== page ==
Oh hey there blog! I missed you! I was fortunate enough to have spent some time in the past few weeks in beautiful Costa Rica. Unfortunately the vacation was lacking in internet opportunities… as well as cold showers or cell services. Although I wasn’t able to upload some of the great stuff I pondered on the trip, this does mean that I have a whole slew of blog ideas headed your way in the next few weeks. Although for now, I just want to brag a little. 🙂
I feel so lucky for this opportunity. I met, hands down, the coolest people in the past week. Morgan, a girl I met at a hostel, summed the experience up perfectly when she pointed out that it takes a specific type of person to walk away from steady jobs and such to spend time traveling the world. These people completely inspire me.
It has always been my goal in life to find a job that I love, therefore “never working a day in my life.” However, it is also my goal to know when to walk away and explore the amazing world around me. In my first class today, PR Techniques, my professor and I talked about how creativity can be found by putting yourself out of your comfort zone and into situations you have never before experienced. This is summed up perfectly by the following quote (by an unknown author):
“..It’s not enough to just change time zones, or to schlep across the world only to eat Le Big Mac instead of a Quarter-Pounder with cheese. Instead, this increased creativity appears to be a side-effect of difference: we need to change cultures, to experience the disorienting diversity of human traditions. The same details that make foreign travel so confusing – Do I tip the waiter? Where is this train taking me? – turn out to have a lasting impact, making us more creative because we’re less insular. We’re reminded of all that we don’t know, which is nearly everything; we’re surprised by the constant stream of surprises….When we get home, home is still the same. But something in our mind has changed, and that changes everything.”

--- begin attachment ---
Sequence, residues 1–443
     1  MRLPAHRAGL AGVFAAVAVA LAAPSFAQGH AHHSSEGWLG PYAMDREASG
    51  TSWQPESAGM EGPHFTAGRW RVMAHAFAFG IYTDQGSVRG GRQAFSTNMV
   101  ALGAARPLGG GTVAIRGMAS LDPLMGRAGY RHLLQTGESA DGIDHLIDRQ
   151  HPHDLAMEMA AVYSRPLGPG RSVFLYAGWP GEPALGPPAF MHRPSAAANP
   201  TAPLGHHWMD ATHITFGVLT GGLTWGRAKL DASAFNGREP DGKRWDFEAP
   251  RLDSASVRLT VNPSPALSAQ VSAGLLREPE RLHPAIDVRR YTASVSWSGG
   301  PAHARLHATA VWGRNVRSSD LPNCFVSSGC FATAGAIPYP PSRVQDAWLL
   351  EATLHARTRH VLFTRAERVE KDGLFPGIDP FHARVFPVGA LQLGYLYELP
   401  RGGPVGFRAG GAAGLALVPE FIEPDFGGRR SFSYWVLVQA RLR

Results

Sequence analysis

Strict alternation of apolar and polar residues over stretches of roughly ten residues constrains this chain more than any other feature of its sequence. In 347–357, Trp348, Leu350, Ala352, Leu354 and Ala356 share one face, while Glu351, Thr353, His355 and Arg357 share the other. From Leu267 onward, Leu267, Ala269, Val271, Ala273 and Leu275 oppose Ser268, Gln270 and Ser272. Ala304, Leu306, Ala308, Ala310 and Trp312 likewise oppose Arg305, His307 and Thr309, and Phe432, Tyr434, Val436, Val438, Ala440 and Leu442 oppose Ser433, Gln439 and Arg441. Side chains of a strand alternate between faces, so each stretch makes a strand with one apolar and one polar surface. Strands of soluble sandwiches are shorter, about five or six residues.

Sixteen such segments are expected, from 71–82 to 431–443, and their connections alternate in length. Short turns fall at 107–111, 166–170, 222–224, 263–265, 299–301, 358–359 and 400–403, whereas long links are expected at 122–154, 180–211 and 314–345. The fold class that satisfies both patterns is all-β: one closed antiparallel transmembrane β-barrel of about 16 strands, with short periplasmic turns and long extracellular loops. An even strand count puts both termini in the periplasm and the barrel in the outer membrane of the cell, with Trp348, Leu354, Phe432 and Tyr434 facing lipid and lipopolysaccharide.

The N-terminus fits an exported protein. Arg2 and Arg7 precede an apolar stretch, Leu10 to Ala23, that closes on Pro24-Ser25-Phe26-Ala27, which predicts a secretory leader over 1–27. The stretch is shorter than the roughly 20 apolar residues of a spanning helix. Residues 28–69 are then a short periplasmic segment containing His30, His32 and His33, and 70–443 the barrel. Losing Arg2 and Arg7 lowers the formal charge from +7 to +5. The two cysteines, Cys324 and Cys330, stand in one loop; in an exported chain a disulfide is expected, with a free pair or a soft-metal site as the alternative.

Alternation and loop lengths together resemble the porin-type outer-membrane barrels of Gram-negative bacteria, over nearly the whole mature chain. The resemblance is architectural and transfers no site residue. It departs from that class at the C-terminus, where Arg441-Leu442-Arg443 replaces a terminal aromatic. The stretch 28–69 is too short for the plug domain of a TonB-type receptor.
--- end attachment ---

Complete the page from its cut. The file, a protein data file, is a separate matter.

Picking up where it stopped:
This all comes back to the wonderful people I met, who are so brave and so knowledgeable having put their selves in this type of culture shock over and over, until they can look at the world with a perspective that few others will ever have an opportunity to do.
I know my ten days in Central America altered the way that I perceive the people around me. I can only hope that I continue collecting these experiences, as someone slowly adding more colors to a paining, until the artists true intent finally becomes clear.